Last week the 5th Anniversary of the CAN-SPAM Act passed by with little fanfare. To date, there been a handful of notorius spammers brought to court and successfully prosecuted under the act. This year there was an interesting service of justice when Sanford Wallace, the self-dubbed “Spam King” was fined along with a partner for $230 million to MySpace for using malware and promoting gambling and pornography to MySpace users.
Network-Centric Marketers who are naturally above these bottom feeders have generally known to respect the email boxes of consumers. No major brand or corporation has been successfully sued for violation of the act; for the most part, the corporate marketers know they can still send an initial unsolicited email to a prospect as long as there is a mechanism in the email for the prospect to opt-out. Campaign management has not been hindered by CAN-SPAM and neither has lead generation – SEO/SEM and other tools have allowed marketers to keep the potential deals flowing in.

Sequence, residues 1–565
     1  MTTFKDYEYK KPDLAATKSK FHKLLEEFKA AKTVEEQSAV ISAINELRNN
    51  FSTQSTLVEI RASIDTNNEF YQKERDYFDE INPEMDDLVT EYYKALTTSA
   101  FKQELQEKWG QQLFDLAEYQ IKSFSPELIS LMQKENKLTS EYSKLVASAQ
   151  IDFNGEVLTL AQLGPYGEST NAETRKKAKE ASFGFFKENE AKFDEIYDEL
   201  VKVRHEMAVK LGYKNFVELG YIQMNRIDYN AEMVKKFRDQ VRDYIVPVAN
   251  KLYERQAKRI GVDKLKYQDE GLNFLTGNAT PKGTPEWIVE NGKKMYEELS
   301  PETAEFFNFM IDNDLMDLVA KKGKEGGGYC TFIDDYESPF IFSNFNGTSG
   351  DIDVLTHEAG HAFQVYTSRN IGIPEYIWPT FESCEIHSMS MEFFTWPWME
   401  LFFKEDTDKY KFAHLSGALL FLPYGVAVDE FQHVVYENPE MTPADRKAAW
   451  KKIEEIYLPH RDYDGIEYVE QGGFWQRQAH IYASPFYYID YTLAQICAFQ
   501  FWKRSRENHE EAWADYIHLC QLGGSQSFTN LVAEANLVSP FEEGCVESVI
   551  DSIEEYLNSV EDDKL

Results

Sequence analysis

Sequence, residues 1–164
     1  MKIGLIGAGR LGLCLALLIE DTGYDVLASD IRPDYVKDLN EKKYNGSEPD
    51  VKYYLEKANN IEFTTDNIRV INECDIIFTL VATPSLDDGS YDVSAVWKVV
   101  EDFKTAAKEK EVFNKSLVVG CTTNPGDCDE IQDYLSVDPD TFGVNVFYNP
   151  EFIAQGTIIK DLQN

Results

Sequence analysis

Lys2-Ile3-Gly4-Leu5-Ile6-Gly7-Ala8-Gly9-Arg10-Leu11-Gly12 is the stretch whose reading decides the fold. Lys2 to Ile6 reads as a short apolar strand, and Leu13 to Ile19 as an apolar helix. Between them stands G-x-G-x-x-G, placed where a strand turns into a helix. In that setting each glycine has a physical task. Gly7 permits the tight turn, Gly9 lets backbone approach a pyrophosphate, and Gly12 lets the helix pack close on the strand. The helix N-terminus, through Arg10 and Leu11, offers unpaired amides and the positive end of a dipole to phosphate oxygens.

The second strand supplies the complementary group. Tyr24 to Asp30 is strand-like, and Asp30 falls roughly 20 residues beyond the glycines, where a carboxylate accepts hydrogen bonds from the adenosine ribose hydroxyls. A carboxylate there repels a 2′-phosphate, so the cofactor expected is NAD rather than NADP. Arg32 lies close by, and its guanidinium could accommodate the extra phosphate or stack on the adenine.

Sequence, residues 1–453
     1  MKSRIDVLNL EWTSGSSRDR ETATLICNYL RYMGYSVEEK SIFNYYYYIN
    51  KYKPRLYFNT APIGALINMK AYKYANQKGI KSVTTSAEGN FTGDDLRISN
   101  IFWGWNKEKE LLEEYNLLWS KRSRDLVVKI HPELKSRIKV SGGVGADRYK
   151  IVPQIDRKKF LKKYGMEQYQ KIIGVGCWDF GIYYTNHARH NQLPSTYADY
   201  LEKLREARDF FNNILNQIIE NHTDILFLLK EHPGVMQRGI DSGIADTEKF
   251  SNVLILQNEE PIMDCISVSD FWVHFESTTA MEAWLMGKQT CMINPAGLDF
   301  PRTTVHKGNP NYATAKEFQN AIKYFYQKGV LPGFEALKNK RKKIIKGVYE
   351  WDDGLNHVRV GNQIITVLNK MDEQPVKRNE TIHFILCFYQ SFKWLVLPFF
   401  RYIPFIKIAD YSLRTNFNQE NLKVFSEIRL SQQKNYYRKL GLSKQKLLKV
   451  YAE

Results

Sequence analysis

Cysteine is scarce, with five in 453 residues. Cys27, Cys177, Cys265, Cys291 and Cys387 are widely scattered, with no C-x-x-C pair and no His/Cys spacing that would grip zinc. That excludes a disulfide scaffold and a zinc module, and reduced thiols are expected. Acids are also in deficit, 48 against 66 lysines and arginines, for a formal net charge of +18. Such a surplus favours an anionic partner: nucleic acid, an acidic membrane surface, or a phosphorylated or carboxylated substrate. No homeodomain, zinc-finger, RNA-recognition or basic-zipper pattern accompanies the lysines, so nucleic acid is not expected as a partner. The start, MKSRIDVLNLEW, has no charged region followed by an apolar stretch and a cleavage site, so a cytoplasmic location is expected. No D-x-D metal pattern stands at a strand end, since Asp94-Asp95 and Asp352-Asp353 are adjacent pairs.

But has CAN-SPAM really been effective? The Marketing Consigliere gets relatively little spam compared to other people he knows, but the topics are generally familiar to most of us – porn, pills, degrees, and somewhat peculiar to the mix are watches. The sidewalk hawkers of yesterday trying to dump knockoffs on pedestrians now seem to be sending daily reminders on getting Rolex and TAG/Heuer watches at a discount.
Do you think CAN-SPAM has worked or should the Feds come down even harder?